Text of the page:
In major shift, US set to rescind stance on illegality of settlements

Secretary of State Mike Pompeo to repudiate 1978 State Department legal opinion that held Israeli building in the West Bank is ‘inconsistent with international law’

Israeli border police officers guard near the "Kumi Ori" outpost in the settlement of Yitzhar in the West Bank, on October 24, 2019. (Sraya Diamant/Flash90)
Israeli border police officers guard near the "Kumi Ori" outpost in the settlement of Yitzhar in the West Bank, on October 24, 2019. (Sraya Diamant/Flash90)

US Secretary of State Mike Pompeo is expected to announce on Monday that the US is softening its position on Israeli settlements in the West Bank, the latest in a series of Trump administration moves that weaken Palestinian claims to statehood.

Pompeo plans to repudiate a 1978 State Department legal opinion that held that civilian settlements in the West Bank are “inconsistent with international law.” The move will likely please the government of Prime Minister Benjamin Netanyahu, anger Palestinians, and put the US at odds with other nations working to end the conflict.

The Trump administration views the opinion, the basis for long-standing US opposition to expanding the settlements, as a distraction and believes any legal questions about the issue should be addressed by Israeli courts, according to a draft of Pompeo’s remarks on the policy obtained by The Associated Press.

“Calling the establishment of civilian settlements inconsistent with international law has not advanced the cause of peace,” Pompeo says in the draft. “The hard truth is that there will never be a judicial resolution to the conflict, and arguments about who is right and who is wrong as a matter of international law will not bring peace.”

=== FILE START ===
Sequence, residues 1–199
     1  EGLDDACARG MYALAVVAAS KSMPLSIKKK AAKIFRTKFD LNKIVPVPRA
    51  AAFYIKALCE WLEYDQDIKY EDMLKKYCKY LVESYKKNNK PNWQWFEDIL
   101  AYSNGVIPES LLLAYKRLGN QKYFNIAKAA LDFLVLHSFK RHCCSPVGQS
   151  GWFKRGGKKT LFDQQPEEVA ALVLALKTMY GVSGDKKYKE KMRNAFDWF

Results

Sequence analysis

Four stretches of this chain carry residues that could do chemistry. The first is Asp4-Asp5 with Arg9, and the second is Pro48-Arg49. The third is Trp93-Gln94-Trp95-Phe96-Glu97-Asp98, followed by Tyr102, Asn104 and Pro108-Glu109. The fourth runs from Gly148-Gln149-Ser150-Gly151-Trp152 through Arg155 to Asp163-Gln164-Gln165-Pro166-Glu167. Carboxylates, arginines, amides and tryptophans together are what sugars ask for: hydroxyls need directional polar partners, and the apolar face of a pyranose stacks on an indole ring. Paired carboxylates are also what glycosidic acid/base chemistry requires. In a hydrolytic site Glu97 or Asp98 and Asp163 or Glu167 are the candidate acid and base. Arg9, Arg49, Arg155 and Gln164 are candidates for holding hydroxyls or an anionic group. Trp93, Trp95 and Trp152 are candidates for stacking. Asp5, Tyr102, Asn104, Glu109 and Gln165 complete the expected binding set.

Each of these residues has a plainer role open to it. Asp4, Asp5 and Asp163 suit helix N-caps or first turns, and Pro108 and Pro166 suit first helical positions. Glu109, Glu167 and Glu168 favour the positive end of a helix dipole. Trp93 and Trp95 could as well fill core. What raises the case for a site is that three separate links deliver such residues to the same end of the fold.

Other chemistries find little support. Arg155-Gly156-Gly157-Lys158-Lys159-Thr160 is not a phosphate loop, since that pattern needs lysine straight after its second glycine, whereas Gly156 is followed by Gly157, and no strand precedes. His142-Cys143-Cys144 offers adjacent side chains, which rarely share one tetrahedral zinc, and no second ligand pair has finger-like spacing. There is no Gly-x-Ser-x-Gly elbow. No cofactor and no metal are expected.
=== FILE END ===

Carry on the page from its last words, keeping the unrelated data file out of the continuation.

US administration moves that have weakened Palestinian efforts to achieve statehood have included US President Donald Trump’s decision to recognize Jerusalem as Israel’s capital, the movement of the US embassy to that city, and the closure of the Palestinian diplomatic office in Washington. Such moves have been largely, though not universally, welcomed in Israel.

Illustrative: Construction work in the Dagan neighborhood of the settlement of Efrat, in the West Bank on July 22, 2019. (Gershon Elinson/Flash90)

Even though the decision is largely symbolic, it could also give a boost to Netanyahu, who is fighting for his political survival after he was unable to form a coalition government following recent elections.

In addition, it could spell further trouble for the administration’s oft-promised peace plan, which is unlikely to gather much international support by endorsing a position contrary to most countries’ view.

Israel was dealt a blow just last week when the European Court of Justice ruled products made in Israeli settlements must be labeled as such.

Transportation Minister Bezalel Smotrich, a settlements champion, said he had suggested the settlement move to US Ambassador David Friedman as a response to the EU court ruling.

Former justice minister Ayelet Shaked, another right-wing leader, also praised the expected move. “It is good that the world’s greatest superpower is telling the truth and correcting this long-standing injustice,” she said in a statement.